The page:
CLOSE-UP: CRAFT - JO GODMAN. Godman's 20 years in the world of UK production

Jo Godman's choice to bow out ends an extraordinary career, Jenny Watts writes.

There are not many people in the production world who have had as long and glorious a run as Jo Godman, the famously shrewd founder of the eponymous production company, Godman. But Godman is now bowing out after more than 20 years in the business.

Over her career, Godman has carved herself a reputation as a stickler for attention to detail and a ruthless professional who guarantees a job being done well. Her shoots are not unlike military operations. This is where her legendary fearsome reputation comes from. She admits she's brutally frank.

"They say I'm tough, but I tell people the truth as I see it," she says, adding: "But I also give credit where it's due."

Starting as a Girl Friday in a Soho production company, Godman soon got a grip on the machinations of the industry, rising swiftly through the ranks to become a producer at Tom Bussmann Films.

In 1981, she set up her first production company, Patterson Godman, with the director Willi Patterson.

However, a phone call two years later from Tony Scott asking if she was interested in joining RSA proved too good an opportunity to miss.

For the next 13 years, Godman managed RSA, where one of her surviving legacies was making it the yardstick by which other production companies matched themselves in creativity as well as professional production values.

Philippa Thomas, a founding partner of Godman and now the managing director of Thomas Thomas, has worked with Godman for 13 years. She says: "She's very, very tough to work for, but very inspiring to work for because her focus and passion is without comparison. She's very smart and works incredibly hard."

This perfectionism has paid off, but not without the requisite clashes.

She fell out with the Scott brothers, going so far as allegedly firing Ridley's son Jake, and exited the company abruptly. Godman says now: "Ridley and I fell out, really. We had a fantastic relationship for 12-and-a-half years, but then we saw things really, really differently. Our relationship soured. However, I still have a huge respect for him."

In 1996, Godman set up her eponymous production company. Naming it after herself suited her ambitious, no-bullshit style and proved the point that she could manage her own company with the same dedication and drive that has characterised her career.

Godman has consistently proved that she can spot talent. Among those she's discovered are Adrian Moat, Hugh Johnson and Chris Hartwill. She produced Tom Carty's directorial debut for The Economist. She stopped producing seven years ago, but while she did she usually worked with the young directors, grooming them for the future. Spots she's directly associated with include Pirelli's "double indemnity' and Levi's "pool hall".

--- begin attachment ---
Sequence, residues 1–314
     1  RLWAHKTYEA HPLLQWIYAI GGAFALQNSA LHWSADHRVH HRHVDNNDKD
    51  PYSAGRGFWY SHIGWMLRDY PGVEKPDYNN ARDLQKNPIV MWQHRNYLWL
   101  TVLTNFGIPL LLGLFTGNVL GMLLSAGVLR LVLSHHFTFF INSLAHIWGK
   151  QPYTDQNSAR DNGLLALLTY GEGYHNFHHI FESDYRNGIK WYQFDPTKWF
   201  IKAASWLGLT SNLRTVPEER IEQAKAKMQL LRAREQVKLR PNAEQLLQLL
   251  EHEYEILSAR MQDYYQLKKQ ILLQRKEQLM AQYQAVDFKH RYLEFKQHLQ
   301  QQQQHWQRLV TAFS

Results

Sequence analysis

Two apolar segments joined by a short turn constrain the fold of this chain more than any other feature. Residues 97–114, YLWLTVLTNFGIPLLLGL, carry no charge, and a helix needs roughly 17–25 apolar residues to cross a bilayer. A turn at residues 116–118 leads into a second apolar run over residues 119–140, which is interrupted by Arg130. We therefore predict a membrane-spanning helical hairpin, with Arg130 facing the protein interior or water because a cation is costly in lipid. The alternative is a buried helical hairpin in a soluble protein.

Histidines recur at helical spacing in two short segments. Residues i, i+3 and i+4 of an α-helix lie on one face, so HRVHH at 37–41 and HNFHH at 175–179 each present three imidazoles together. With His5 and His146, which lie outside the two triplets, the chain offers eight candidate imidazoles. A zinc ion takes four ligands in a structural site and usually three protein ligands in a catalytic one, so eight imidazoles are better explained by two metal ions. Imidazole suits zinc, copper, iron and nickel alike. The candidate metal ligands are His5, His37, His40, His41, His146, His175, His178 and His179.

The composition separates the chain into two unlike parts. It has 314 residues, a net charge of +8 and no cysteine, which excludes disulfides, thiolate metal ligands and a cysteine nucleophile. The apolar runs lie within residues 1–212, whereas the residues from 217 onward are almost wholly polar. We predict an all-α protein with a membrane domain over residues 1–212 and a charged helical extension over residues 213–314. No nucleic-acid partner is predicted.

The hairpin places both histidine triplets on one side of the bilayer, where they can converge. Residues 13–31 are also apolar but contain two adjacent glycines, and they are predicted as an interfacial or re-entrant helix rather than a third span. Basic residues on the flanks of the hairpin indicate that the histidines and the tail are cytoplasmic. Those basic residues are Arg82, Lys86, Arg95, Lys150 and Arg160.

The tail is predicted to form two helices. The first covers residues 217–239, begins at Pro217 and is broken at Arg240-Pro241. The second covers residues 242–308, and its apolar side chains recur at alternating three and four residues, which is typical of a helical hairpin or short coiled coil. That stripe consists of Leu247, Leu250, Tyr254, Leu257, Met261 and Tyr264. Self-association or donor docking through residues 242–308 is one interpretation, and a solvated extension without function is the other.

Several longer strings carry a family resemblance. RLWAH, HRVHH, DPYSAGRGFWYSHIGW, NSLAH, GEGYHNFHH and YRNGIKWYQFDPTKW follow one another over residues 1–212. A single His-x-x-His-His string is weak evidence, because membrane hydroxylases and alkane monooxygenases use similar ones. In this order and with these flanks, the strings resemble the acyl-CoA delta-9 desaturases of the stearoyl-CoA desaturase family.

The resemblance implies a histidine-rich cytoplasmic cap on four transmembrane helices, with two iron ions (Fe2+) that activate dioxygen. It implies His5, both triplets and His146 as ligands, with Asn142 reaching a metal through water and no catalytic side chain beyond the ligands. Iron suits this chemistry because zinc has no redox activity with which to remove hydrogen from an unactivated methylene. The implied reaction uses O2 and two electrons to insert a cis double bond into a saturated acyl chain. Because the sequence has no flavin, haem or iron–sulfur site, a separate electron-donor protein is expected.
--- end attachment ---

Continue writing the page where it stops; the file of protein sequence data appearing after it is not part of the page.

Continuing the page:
Godman will gradually bow out over the next two years, for personal reasons, but has named her successors: Ed Sayers and his brother Dan. Ed has been directing through Godman since its launch, while Dan joins from the marketing communications company Boom.

Hers are tough boots to fill, but Godman has faith: "Ed's understanding of the process, and his love of the industry, is fantastic. There was nobody else I trusted as much as him to be able to do it."

But it's unlikely that you've seen the last of Godman. As she says: "The industry will always be part of my life ... I'll always keep in touch with it. I've enjoyed it all so much."

JO GODMAN BY THOSE WHO KNOW HER

VAUGHAN ARNELL, co-founder, Godman

Jo has probably invented the best school of production. Any producer, production manager or PA who has worked with Jo will tell you it's the passport to working anywhere else in the world. Her name strikes fear in runners, but she's also got the biggest heart of anyone I've ever met.

She's given me six fantastic years of laughs, fun and support. She's a bullet-proof vest; you can stand your corner with Jo beside you, should anyone take a shot at you. She's a forcefield. No-one else could have turned Godman round in a year and won Production Company of the Year from scratch. My departure has been tough because I don't want to lose a best friend.

I talk to Jo frankly; she's got a brilliant, strong character. I'll remember her for the time she hit me in the Gucci shop for making out she was my mother; when she drank me under the table in Barcelona; and the most beautiful fireworks display she gave me and Carol for our wedding.

MARK WNEK, executive creative director, Euro RSCG Wnek Gosper

Jo Godman is the number one producer. She is the name you want in your corner for anything huge, complex or awkward. Nothing but nothing gets past her.

Winning the Production Company of the Year award in her very first year after leaving RSA was an absolute triumph and two fingers to some.

For someone so physically petite, she can be very scary. Had she gone into broadcast television she would be running Channel 4 or something by now.

For someone so eminent she is also a surprising silly billy. Once I was shooting on a beach in Portugal and Jo appeared looking like Goldie Hawn in a diaphanous number which probably cost £20,000. The director kept complaining she was in shot and Jo kept edging away until she fell backwards over a rock into the surf and emerged looking like a Yorkshire terrier and laughing like a gnome falling off a toadstool.

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